Free Speech and Religion

Religious freedom means standing up for another person’s beliefs

October 13, 2020  • Zeenat Rahman

This article originally appeared in The Hill.

Today is National Religious Freedom Day, the anniversary of the passage of the Virginia Statute for Religious Freedom, a statute written by Thomas Jefferson disestablishing the Church of England in Virginia, and an important precursor to the Establishment and Free Exercise clauses of the First Amendment.

What does that have to do with me, you ask? Well, 2019 saw the greatest increase in violence against religious communities in almost a decade in this country. Religious freedom, one of our core First Amendment principles, supports the freedom of an individual or community, in public or private, to manifest religion or belief in teaching, practice, worship, and observance. It was visionary for Thomas Jefferson to separate from the Church of England at a time when separation of church from state was practically unheard of, and even today it is a protection for citizens that is pretty unique to America.

So why then is something that is a constitutionally protected right that should be beneficial to all citizens (even those of no faith) so polarizing? Religious freedom has come to be perceived as something that is only meant to protect some citizens at the expense of others. This avoidable clash has fomented the culture wars and only divided us further. In order for our religious diversity to be a strength, we need a radical reimagining of how we perceive religious freedom and its connection to all faith communities.

This begins with standing up for the rights of other faith communities, not just our own, and especially if one is part of the majority faith community. Just days ago, the President tweeted out an Islamophobic image, assigning traditional Muslim dress to his political opponents. The most vocal response was from Muslim leaders and advocates, yet imagine if we heard vociferous condemnation from evangelical leaders based on the premise of religious freedom. By speaking up, we can demonstrate that such rhetoric does not hurt only a subsection of the population, but all of us.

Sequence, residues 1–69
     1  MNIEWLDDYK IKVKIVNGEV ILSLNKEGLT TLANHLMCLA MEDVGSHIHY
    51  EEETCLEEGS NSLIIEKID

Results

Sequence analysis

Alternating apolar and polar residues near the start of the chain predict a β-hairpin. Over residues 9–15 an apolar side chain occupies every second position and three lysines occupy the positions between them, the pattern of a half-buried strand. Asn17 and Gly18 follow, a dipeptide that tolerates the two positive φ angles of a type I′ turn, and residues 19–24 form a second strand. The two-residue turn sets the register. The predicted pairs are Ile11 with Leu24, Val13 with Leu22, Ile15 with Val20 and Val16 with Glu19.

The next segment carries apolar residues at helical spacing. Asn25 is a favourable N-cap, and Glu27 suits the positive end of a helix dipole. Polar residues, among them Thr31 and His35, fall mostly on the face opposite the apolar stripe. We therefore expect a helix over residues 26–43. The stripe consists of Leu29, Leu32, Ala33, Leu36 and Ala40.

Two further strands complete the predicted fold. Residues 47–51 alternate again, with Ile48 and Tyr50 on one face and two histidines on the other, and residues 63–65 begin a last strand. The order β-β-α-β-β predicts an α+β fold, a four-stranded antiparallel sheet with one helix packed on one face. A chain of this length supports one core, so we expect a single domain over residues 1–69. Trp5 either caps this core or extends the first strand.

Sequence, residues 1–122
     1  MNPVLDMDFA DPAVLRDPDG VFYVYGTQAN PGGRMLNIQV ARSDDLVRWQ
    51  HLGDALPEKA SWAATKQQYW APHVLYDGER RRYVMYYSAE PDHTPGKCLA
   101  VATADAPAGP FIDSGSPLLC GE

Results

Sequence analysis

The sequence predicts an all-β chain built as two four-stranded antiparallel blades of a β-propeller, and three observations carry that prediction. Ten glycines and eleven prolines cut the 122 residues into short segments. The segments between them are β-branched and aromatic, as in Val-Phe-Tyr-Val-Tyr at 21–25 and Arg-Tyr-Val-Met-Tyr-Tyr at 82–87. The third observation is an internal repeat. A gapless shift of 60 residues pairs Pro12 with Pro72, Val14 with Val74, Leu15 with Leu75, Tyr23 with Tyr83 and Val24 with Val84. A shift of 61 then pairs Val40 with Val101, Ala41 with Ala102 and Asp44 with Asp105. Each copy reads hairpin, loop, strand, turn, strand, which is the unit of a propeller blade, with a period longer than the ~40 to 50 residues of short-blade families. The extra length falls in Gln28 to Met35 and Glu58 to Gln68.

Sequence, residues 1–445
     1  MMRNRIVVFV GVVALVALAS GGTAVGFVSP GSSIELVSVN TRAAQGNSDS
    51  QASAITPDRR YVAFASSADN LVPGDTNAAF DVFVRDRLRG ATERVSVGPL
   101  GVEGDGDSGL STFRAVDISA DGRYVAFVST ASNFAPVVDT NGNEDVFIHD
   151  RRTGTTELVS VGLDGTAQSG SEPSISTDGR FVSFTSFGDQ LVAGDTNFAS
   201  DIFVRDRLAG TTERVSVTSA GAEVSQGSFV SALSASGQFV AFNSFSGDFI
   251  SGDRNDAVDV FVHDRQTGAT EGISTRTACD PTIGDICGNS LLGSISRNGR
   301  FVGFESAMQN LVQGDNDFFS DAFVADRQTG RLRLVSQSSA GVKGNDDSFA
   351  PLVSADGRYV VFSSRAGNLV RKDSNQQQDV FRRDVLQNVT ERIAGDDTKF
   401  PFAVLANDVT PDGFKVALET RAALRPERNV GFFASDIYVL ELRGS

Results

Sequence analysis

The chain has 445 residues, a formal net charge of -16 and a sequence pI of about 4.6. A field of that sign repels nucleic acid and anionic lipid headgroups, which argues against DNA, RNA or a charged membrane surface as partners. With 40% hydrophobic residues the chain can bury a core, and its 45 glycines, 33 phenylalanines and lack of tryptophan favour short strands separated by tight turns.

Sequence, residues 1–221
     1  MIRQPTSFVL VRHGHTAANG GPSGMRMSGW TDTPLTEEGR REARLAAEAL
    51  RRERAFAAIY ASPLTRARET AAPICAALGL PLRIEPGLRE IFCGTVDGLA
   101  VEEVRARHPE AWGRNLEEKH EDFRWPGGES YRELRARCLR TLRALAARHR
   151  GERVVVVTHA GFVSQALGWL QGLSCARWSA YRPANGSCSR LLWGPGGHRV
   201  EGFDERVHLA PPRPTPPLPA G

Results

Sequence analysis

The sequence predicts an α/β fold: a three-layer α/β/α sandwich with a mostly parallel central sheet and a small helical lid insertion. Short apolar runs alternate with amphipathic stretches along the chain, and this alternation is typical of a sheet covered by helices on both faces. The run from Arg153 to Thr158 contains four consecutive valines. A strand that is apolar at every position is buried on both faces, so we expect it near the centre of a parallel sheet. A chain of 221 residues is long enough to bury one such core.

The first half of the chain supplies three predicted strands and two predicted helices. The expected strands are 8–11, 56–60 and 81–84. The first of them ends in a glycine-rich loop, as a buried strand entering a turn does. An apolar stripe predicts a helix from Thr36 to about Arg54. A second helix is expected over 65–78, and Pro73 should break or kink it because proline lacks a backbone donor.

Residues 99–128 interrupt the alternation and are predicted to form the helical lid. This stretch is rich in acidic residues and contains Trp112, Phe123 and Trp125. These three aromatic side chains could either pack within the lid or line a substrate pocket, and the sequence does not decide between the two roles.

Our increasing division and polarization has also meant far less understanding of other faiths. Recent studies have highlighted that while many Americas can provide a few basic facts about Christianity and the Bible, few know about Judaism, Hinduism, and what the Constitution actually says about religion as it relates to elected officials. So let’s open ourselves up to talking about our faith and learning about the faith of others. There are numerous ways to do this and many are easier and more surprising than one might think: commit to finding and hearing stories from communities that not often heard from, and approach conversations about difference with empathy and humility. There are many resources that can serve as a starting point.

To be sure, our differences are real and should not be glossed over. Religious pluralism should not strive for the lowest common denominator version of engagement, but rather an appreciation and acknowledgement of our differences, a commitment to cooperative and constructive agreement across those differences.

The commemoration of the Virginia Statute for Religious Freedom should serve as a call to action for each one of us. Let’s commit to holding our political leaders accountable to protecting the religious rights of each and every citizen. If our goal is a just, free, and equitable society, then we must reimagine the relevance of religious freedom for every citizen.

Zeenat Rahman is the director of the Inclusive America Project at the Aspen Institute.